One of the key aspects of Bitcoin is that it is set in stone; the protocol does not change. Many have been misled to believe that Bitcoin would be a system of nodes voting on a protocol, which could not be further from the truth. Nodes do not vote to change the protocol. This is not written in the white paper at all. The section that is misrepresented concerns honest nodes voting on the ordering of transactions. There is no mechanism for users or the community to change the protocol. And such a mechanism was never designed or intended.
The nature of what is intended is for commercial systems to come to a distributed agreement or consensus as to the ordering of transactions. It allows a group of honest miners or nodes to consider the ordering of transactions and to quickly and efficiently act on dishonest behaviour such as double spending.
In the Bitcoin white paper, I wrote that miners could enforce rules. The precise wording is important. Enforcement is a police or regulatory function, and does not involve the creation of rules. It is also important in another way; Bitcoin is not a system based on one-person-one-vote, but rather a game-theoretic system to order transactions. As a system for democracy, Bitcoin is horrible. It is a system that allows control of the minority by the majority. It is a system that allows those with wealth to dictate to all others. Those who invest the most get to vote more.
As a solution for the honest ordering of transactions, where the higher investor has more to lose, and law enables a large investor to lose large amounts of money if they act dishonestly, Bitcoin works incredibly well. The issue is that some people tout Bitcoin as a solution for things that it is not designed to fix. Bitcoin is not a parliament. No blockchain-based proof-of-work system will be. Having said so, the scripting engine in Bitcoin allows other things to be built, that can enable voting. The ordering of votes could be important. Such is what Bitcoin delivers.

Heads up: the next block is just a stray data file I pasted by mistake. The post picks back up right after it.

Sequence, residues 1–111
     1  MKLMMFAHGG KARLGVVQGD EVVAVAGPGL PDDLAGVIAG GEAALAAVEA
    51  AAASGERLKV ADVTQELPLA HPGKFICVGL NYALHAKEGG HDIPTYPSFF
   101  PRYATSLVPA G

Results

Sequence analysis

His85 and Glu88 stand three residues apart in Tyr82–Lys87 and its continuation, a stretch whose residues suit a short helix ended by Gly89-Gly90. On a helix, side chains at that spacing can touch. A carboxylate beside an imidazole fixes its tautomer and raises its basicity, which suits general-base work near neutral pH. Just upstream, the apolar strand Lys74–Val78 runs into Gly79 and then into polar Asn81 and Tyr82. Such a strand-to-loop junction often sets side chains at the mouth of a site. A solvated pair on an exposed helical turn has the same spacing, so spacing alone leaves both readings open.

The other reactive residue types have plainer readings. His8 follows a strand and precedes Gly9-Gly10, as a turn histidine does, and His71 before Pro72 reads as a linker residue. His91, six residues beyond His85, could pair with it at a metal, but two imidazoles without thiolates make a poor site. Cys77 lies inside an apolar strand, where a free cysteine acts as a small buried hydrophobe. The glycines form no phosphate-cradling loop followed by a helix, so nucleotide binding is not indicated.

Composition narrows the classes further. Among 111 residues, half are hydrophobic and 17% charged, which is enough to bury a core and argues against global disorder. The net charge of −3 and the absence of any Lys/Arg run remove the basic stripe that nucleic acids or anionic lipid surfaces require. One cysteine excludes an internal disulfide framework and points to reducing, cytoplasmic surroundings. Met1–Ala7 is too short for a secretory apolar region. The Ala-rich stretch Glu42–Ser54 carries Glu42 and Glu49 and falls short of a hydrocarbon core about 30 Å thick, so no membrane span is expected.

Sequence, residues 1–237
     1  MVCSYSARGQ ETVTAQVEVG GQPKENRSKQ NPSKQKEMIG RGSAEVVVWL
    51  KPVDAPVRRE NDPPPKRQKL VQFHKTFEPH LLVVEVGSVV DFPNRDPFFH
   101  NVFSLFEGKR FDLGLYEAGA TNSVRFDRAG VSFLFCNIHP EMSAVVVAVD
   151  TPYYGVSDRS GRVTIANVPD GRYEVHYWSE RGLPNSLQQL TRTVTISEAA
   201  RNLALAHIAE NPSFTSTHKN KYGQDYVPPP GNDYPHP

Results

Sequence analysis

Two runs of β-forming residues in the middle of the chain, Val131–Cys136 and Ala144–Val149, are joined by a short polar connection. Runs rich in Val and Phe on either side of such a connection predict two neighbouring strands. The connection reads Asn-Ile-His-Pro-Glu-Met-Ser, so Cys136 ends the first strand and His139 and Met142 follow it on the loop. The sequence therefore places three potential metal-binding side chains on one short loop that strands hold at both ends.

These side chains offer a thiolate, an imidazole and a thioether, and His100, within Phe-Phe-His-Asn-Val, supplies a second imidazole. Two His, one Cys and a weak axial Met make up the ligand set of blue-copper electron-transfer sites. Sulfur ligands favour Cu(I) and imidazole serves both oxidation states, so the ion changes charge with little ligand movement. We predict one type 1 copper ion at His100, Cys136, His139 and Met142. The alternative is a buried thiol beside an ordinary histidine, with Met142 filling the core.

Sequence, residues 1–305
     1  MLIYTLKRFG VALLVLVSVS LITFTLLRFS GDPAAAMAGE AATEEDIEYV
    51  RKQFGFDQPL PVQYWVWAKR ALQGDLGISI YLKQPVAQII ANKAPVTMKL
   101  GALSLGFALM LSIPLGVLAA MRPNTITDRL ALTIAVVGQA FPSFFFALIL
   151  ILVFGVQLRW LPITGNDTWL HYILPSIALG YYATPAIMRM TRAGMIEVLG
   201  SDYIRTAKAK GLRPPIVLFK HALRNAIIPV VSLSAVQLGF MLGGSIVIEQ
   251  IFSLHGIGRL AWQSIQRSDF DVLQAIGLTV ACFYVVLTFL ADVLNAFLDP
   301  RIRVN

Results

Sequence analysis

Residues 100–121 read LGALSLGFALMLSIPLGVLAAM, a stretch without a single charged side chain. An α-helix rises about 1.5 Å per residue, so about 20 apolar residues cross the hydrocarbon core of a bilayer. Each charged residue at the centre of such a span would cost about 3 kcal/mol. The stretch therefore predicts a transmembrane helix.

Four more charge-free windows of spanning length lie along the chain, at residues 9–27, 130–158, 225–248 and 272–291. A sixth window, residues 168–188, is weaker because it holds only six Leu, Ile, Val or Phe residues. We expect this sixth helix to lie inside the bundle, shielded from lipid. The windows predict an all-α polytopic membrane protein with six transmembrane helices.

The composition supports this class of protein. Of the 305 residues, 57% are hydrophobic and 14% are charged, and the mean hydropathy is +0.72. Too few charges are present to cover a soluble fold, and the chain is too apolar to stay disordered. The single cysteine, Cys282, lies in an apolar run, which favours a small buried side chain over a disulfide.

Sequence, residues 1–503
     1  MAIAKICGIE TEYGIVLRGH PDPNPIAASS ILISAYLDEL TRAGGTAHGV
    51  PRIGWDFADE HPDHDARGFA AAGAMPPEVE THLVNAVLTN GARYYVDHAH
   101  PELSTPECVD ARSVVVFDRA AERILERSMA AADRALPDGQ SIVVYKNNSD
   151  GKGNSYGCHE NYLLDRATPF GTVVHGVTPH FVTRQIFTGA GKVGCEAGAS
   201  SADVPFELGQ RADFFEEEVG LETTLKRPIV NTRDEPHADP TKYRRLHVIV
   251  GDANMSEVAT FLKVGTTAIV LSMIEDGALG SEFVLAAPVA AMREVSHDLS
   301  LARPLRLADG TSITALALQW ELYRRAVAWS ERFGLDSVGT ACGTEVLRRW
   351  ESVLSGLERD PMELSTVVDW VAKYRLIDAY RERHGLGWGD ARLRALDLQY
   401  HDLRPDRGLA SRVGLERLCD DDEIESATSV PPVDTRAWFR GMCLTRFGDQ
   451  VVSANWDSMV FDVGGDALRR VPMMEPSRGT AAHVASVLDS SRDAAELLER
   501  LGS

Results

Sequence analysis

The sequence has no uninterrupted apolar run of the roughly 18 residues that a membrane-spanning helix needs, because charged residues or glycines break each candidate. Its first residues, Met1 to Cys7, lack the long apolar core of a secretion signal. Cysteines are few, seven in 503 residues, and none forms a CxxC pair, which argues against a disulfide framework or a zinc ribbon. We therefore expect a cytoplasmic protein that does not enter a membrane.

If Bitcoin is fixed, what does this mean for forks?
In a recent IRS release, a query was answered in relation to a concept added to protocols outside Bitcoin, such as BTC. One of the questions follows below:
A21. A hard fork occurs when a cryptocurrency undergoes a protocol change resulting in a permanent diversion from the legacy distributed ledger. This may result in the creation of a new cryptocurrency on a new distributed ledger in addition to the legacy cryptocurrency on the legacy distributed ledger. If your cryptocurrency went through a hard fork, but you did not receive any new cryptocurrency, whether through an airdrop (a distribution of cryptocurrency to multiple taxpayers’ distributed ledger addresses) or some other kind of transfer, you don’t have taxable income.
Bitcoin is a system that acts within the law. The concept of hard forks or even soft forks is not one that is part of Bitcoin. It has been added to the airdrop called BTC, or, CoreCoin.
Core will tell you it doesn’t matter what I said as Satoshi. I’m sorry, but it does. Bitcoin Core (BTC) is the protocol change resulting in a permanent diversion from the legacy distributed ledger in any reasonable interpretation.
The most important word in the sentence is legacy. The legacy system is one that is analogous to the original. Bitcoin Core differs from my original vision of Bitcoin in every way. Core does not implement Simplified Payment Verification (SPV), and has failed to comprehend what SPV is. More importantly, BTC is not peer-to-peer in any reasonable manner. Some attempts have been made to implement a peer-to-peer version of exchange in BTC, such as with BIP-70, but plans are afoot to remove it altogether.